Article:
I encountered the following video where a LinkedIn staff talked about the Economic Graph project at LinkedIn. After seeing this video and some digging about the EG project, it turns out EG is very similar to our own almost-forgotten project -- EdNode!
Yesterday I ran into U.S. Department of Education's Ed Tech Developer's Guide published in April 2015 and was excited to find New Learning Times was mentioned as a useful resource for EdTech developers nationwide!
New Learning Times is produced at the Ed Lab at the Teachers College at Columbia University and
I encountered the following video on FB. Try dragging the screen when the video is playing.
I have spent a day to implement the Trends page for the library website (the old page is http://library.tc.columbia.edu/trends.php) which is really outdated (some data are for 2006-2007). It's very interesting to look at those stats but I think it's important to get the stats up-to-date. Right now you can preview the Trends page on the development server:
I attended this webinar titled Empowering YouTube for Higher Education today facilitated by 3PlayMedia. The webinar turned out not to have the content I was expecting. I thought it would be an overview of diverse use cases of YouTube in higher education but it eventually is a product demo from Justin McCutcheon, CEO of Cattura Video.
According to this post on Quora (answered by a former Google recruiter), NO!
Tip 1: Optimize PNG and JPG with TinyPNG
If you frequently work with web images, particularly PNG or JPG, you should know this awesome tool: http://tinypng.com/. What this tool does is to reduce the size of PNG and JPG files by 1/3 to 1/2 without decreasing image quality to the eyes. I strongly encourage our editors and content managers to optimize the images with this tool before uploading them to NLT, Vialogues, Pressible, etc. By doing this users will be able to load our webpages faster.
It is extremely easy to use this tool. Simply drag the images (up to 20 images per upload, and 5MB per image) to the dotted box on their webpage, and you'll see your images get uploaded and shrunk. In case you have uploaded some wrong formats, TinyPNG will know that and show you an error. By the end you will have a download link for each uploaded image so simply download them.
I came across this whitepaper by JWPlayer — one of the most popular video player products in the market. Its title is 8 Steps to Master Video SEO and after reading it I find it's very informative and would like to share. The 8 steps this whitepaper mentioned are:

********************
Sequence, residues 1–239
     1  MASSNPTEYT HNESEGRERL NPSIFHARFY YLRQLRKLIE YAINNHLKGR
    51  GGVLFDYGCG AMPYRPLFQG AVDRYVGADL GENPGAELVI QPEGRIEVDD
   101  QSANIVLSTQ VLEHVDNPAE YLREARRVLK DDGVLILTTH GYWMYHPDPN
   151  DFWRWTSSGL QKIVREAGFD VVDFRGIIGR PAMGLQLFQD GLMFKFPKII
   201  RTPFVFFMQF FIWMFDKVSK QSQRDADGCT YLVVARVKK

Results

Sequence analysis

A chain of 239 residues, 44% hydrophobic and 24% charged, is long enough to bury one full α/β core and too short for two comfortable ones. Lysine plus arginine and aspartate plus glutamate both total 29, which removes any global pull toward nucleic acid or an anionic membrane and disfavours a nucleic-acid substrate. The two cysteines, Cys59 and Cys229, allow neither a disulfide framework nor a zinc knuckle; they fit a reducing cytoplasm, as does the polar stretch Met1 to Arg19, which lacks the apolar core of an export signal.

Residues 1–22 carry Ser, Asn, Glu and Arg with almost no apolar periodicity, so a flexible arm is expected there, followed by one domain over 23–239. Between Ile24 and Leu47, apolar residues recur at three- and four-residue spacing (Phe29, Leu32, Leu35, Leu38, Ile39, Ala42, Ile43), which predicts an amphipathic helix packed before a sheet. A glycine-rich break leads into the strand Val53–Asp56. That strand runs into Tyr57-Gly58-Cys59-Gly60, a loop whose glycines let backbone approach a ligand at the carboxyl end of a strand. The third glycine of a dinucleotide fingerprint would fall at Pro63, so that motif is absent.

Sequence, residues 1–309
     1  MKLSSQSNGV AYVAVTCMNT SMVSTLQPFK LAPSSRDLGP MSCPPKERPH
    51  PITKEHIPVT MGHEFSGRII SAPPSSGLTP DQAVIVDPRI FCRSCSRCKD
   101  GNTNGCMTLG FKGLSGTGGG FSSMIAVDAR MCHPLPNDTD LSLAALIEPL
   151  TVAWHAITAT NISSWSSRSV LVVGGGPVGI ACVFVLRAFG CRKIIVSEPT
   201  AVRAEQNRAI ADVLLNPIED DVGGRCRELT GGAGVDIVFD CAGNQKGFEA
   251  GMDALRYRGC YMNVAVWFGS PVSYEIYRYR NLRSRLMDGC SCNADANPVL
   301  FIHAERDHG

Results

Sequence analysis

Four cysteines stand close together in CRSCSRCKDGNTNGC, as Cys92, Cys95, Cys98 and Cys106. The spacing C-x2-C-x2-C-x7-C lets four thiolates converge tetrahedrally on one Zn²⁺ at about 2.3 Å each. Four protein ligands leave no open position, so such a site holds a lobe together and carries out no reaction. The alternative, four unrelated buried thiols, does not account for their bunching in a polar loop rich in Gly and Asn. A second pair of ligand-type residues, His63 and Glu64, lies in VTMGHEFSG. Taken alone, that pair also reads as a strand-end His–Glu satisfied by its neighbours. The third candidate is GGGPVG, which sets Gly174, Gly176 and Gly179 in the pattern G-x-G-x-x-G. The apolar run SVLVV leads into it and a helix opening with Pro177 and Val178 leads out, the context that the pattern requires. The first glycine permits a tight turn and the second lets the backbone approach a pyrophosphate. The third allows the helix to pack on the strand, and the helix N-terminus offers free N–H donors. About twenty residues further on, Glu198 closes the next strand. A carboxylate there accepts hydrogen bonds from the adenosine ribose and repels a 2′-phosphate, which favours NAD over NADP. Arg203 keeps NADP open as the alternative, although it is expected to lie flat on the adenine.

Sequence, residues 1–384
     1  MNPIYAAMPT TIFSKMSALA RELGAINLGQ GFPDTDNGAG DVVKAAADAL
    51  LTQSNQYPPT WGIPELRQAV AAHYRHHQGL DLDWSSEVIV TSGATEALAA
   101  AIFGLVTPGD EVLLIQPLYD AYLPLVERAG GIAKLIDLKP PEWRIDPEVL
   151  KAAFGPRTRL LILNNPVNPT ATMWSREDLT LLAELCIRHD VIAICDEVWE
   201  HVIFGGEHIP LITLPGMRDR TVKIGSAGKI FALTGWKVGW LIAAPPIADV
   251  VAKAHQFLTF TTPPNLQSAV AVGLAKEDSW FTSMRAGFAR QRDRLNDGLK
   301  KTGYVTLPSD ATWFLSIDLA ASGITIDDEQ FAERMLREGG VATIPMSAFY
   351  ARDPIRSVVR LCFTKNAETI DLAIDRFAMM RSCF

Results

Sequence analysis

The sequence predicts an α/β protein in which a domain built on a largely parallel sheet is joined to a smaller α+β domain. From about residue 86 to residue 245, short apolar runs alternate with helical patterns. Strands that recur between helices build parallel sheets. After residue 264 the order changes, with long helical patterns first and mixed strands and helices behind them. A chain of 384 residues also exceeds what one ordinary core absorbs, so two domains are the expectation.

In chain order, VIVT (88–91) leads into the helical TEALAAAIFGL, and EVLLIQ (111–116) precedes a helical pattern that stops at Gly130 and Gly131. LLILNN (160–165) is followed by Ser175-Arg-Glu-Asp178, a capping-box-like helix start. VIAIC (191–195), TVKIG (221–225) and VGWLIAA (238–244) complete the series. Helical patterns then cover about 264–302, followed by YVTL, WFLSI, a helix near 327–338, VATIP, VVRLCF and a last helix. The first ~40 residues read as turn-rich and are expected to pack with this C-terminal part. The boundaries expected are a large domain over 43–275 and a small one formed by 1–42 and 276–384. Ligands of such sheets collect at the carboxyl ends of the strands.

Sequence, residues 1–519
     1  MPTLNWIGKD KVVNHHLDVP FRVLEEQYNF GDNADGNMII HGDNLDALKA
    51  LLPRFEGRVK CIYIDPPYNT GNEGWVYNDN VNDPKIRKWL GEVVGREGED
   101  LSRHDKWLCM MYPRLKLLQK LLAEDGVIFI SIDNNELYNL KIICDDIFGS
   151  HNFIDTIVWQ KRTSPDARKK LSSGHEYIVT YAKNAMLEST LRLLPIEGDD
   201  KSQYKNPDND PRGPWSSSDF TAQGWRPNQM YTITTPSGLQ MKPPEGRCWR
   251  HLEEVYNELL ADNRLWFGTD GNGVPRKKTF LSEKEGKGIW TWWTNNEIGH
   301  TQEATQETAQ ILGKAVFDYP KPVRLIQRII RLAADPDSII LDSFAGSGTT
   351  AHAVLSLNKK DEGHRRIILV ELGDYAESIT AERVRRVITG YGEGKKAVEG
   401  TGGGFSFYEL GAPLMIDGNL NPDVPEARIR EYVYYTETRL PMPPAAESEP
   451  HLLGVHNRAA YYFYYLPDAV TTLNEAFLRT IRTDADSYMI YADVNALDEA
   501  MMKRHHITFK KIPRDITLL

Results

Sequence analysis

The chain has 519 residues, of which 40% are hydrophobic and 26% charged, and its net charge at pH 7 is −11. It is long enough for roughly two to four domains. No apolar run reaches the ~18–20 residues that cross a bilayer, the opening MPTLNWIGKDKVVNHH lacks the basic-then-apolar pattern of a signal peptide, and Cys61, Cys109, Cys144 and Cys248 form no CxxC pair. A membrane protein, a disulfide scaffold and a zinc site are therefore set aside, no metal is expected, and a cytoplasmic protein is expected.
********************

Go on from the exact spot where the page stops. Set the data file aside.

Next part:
- Content is king
- Choose your words wisely
- Create a great user experience
- Go social
- Make use of video transcripts
- Leverage a multi-channel strategy
- Create sitemaps
- Mark-up with Schema.org
Among these steps, some we have taken for Vialogues, others not. And some of the untaken steps are ready to be implemented in our technology framework. I will be interested in hearing your thoughts.
- On Vialogues, each vialogue and each video page should have its own meta keywords. Right now the adwords are all the same across the site (about EdLab and the Vialogues site per se but not the vialogue/video content).
Two weeks ago we had a seminar about offering great customer support in Higher Ed. I really hope my story had happened before that day so that I could share it with everyone at the seminar. Anyway, here is my recent story to prove the old ways of customer support should die and social media should take its place.
I purchased a TCL HDTV from Amazon in 2010, which is a renowned Chinese brand but not so much in the U.S. Six months ago I was reviewing something else when I encountered the so-called "firmware update instructions" on Amazon. Unfortunately I did the update although I didn't have any problem with the TV. After that all my TV did was show me a black screen.
Unluckily my TV was out of the 2-yr warranty. Since I am a tinkerer-kind-of-person, I googled around hoping I can find a solution instead of paying $100+ to a service person. Nothing useful was found. So I contacted the TCL customer support via phone, which proved to be a waste of time because all they could do was to give me the number of a local service center. This was totally expected though because those outsourced support representatives do not know anything about the products.